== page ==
Henry Benton, of Fairfield, Conn,, has taken measures to secure a patent lor the above, which he denominates a double-faced self-heated smoothing iron. It is composed of a hollow iron box of any required shape, having the top and bottom, which are made purposely heavy to retain the heat for a longer period, adjustable or rather revolving on a shaft that runs through the centre, and from which is suspended a fluid lamp, by which the smoothing iron is heated. By this method, while the smoothing iron in use is cooling, the other, which is exposed to the flame of the fluid lamp, is becoming hot, and as soon as required the position of the smoothing irons can be reversed, and thus be used alternately. The handle is of wood and supports the ends of the shaft just reentioned, which passes through the centre, the handle and smoothing iron being kept fast in their proper position by a spring catch, which is forced back by the thumb when the smoothing irons are required to be changed. The iron box is perforated to admit air to the inside, and the lamp may be made to swing loose or kept stationary by the rod which serves as a shaft.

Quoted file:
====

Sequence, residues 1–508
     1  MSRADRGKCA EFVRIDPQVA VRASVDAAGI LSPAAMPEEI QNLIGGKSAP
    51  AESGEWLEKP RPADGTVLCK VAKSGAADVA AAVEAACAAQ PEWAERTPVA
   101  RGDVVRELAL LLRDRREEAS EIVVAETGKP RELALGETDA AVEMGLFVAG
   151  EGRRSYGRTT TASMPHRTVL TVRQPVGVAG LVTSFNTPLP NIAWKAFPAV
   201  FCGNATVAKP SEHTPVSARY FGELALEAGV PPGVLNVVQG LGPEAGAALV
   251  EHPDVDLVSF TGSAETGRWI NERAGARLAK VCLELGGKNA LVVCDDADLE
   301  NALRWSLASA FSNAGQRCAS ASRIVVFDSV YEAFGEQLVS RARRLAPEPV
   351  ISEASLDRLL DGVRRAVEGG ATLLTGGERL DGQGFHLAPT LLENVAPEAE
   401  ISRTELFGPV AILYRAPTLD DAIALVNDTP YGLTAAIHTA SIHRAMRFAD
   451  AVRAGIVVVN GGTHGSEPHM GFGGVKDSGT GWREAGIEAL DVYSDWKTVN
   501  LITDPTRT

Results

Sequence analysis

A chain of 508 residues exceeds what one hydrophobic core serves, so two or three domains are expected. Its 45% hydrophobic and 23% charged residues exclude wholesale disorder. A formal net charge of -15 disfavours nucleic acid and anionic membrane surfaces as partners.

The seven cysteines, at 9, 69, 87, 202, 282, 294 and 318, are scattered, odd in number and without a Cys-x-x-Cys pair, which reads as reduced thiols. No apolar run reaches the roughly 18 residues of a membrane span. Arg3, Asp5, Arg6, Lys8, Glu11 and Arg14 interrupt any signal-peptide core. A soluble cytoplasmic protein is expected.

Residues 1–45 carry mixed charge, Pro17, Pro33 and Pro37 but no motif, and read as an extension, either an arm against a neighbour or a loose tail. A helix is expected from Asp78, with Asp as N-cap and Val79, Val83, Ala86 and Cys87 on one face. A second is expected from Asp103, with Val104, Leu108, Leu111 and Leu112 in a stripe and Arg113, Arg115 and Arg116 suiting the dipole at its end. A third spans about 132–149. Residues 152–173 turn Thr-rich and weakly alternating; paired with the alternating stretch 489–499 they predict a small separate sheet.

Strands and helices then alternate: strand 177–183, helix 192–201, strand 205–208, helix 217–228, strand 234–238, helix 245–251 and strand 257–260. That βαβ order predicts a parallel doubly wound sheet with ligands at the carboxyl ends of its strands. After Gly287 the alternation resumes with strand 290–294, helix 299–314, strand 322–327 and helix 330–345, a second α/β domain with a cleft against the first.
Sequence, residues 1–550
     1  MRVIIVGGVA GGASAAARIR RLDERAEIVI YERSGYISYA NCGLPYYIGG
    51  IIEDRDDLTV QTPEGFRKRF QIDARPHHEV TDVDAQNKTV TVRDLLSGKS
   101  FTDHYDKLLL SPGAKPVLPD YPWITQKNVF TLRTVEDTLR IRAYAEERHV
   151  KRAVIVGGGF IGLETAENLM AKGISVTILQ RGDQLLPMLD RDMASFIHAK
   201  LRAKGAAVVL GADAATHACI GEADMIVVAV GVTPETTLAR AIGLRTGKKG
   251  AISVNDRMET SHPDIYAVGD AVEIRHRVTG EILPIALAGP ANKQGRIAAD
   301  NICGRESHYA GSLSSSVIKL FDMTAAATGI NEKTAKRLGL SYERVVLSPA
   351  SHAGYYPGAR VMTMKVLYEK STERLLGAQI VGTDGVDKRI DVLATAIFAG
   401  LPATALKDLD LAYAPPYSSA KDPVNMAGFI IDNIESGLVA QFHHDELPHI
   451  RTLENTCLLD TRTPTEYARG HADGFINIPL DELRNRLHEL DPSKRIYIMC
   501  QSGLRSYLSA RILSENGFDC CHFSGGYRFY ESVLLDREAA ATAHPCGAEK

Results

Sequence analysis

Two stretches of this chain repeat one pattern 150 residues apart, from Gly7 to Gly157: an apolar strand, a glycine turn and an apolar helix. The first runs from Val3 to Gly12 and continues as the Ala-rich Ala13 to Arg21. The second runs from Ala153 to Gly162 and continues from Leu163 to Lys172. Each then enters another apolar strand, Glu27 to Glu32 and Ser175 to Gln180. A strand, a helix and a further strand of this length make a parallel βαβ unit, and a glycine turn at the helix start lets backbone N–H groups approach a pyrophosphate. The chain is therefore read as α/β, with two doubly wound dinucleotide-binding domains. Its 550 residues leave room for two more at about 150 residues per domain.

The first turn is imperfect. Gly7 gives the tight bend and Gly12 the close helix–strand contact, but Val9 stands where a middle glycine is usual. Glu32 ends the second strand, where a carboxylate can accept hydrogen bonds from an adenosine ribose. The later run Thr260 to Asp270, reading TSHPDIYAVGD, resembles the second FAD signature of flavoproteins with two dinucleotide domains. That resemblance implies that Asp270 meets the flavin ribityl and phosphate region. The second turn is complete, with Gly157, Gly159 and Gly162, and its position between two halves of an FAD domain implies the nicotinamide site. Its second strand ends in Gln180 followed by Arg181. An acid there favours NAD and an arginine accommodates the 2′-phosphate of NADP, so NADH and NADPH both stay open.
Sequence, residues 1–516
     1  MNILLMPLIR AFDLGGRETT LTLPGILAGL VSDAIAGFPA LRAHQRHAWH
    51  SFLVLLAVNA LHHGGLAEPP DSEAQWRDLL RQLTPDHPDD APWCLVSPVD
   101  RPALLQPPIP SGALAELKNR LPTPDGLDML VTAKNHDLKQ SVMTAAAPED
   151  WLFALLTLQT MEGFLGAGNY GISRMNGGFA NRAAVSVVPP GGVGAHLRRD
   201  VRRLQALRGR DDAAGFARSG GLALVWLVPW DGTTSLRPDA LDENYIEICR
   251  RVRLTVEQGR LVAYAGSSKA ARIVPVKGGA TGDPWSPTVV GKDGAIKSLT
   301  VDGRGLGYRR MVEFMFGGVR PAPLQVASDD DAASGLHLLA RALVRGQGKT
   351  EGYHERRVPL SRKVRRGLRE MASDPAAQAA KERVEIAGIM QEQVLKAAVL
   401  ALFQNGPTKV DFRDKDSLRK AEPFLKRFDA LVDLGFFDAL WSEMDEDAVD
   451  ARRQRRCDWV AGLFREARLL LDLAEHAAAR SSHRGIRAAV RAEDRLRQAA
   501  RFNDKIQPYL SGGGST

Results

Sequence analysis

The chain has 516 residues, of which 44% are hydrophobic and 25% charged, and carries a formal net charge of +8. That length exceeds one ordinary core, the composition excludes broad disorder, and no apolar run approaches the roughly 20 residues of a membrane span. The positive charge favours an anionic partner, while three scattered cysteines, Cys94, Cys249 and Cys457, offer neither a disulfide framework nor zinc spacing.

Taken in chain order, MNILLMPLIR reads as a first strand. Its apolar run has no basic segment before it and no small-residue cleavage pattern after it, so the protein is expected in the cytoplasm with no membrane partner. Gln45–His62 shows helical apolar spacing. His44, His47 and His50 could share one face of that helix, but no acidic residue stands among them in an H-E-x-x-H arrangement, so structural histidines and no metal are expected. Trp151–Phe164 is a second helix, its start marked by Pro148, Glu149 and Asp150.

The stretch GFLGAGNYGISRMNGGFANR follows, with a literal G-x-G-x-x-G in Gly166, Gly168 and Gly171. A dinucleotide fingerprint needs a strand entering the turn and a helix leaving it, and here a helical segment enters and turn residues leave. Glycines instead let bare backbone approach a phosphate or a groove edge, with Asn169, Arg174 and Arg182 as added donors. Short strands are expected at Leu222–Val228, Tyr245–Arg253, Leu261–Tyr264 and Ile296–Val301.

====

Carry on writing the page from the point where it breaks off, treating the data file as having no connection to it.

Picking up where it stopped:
This article was originally published with the title "New Smoothing Iron"